No, “agent” is just the name in game theory for the independent actors in the game.
No, I think you are framing “morals” as an agent. Why else would you assign a cost to them?
People innately know that acting “morally” is as much a benefit to them as it is to everyone. Thus no cost!
And that is Innately. It’s not even thought out most of the time. It just “is”. That’s social behavior dynamics.
Nothing costs anything.
Lots of behaviors have nothing to do with morality.
Yes but all morals are based on behavior.
How do you define “make the social group work’? I define it as increasing the benefits of cooperation, the chief benefit of living in a society.
Absolutely not. There has to be tensions. There has to be certain levels of competition and violence. Some may subjectively see this as immoral, but it’s not.
It’s the balance. It’s human behavior. It’s about cooperation, yes. But not increasing the level of cooperation. If it was about increasing the level, then by now we would have already lived in a Utopia since the stone ages.
“Costly cooperation strategies” are strategies in game theory that expose the initiating agent to exploitation. Unacted on morals don’t cost anything. But to act morally must be costly, in some sense at least in the short term, or it would not be admirable. And yes, morality is a force for good.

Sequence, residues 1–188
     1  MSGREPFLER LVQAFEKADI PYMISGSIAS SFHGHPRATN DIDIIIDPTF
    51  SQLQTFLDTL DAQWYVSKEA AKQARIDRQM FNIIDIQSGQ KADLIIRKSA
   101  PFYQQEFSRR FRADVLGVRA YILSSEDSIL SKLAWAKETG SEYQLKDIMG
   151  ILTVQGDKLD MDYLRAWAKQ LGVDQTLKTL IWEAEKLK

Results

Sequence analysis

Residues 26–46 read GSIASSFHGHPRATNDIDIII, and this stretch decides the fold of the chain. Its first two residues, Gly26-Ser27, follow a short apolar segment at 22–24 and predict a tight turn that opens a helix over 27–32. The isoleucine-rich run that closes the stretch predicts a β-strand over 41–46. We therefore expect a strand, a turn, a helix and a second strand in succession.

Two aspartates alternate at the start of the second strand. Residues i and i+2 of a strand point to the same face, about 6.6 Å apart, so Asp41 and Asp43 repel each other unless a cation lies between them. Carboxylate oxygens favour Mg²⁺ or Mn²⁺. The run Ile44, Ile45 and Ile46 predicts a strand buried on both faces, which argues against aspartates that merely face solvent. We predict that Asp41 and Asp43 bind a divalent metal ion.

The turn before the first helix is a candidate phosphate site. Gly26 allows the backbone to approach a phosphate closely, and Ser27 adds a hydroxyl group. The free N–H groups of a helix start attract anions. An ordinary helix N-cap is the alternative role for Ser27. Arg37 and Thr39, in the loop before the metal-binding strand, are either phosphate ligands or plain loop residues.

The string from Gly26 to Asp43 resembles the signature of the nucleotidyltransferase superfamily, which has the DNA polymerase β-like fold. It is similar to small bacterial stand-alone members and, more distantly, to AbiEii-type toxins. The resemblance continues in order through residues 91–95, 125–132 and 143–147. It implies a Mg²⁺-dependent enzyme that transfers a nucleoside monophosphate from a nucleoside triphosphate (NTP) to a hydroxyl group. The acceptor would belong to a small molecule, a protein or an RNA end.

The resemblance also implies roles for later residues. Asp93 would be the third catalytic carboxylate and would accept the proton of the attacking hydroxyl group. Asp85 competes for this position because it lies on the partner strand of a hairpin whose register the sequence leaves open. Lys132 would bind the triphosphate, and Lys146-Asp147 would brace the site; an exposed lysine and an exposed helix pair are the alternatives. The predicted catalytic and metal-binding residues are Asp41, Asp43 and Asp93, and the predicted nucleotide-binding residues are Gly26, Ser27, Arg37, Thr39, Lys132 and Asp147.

I can already tell I don’t like “game theory” whatever that is.
I will counter with this: If it cost anything then it would have withered on the evolutionary vine eons ago.
Get rid of this “cost” meme. That leads nowhere. It’s obvious what the impetus is behind that. It suggests numbers, and calculations, and possible ways to reduce costs. It suggests “oughts” and things I can’t even explain right now. I can’t think of it right now.
It’s contrived. It’s trying to put value on completely automatic actions. It suggests deficits.
So “Dog eat Dog” is an enforced moral code in some society, meaning people who refuse to act this way are thought to deserve punishment? What society is this?
No, I don’t know where I said that. It’s not enforced. It’s not what we would label moral either. But it is just as powerful as the behaviors we would label as moral.
“Dog eat Dog” does describe a kind of behavior, and can eve be expected behavior in a culture (and therefore a “norm”), but it has nothing to do with morality.
Sure it does. What “moral” actions could we exert if there was no “dog eat dog”?
What if your morality includes running planes into buildings or other forms of mass murder or burning people at the stake?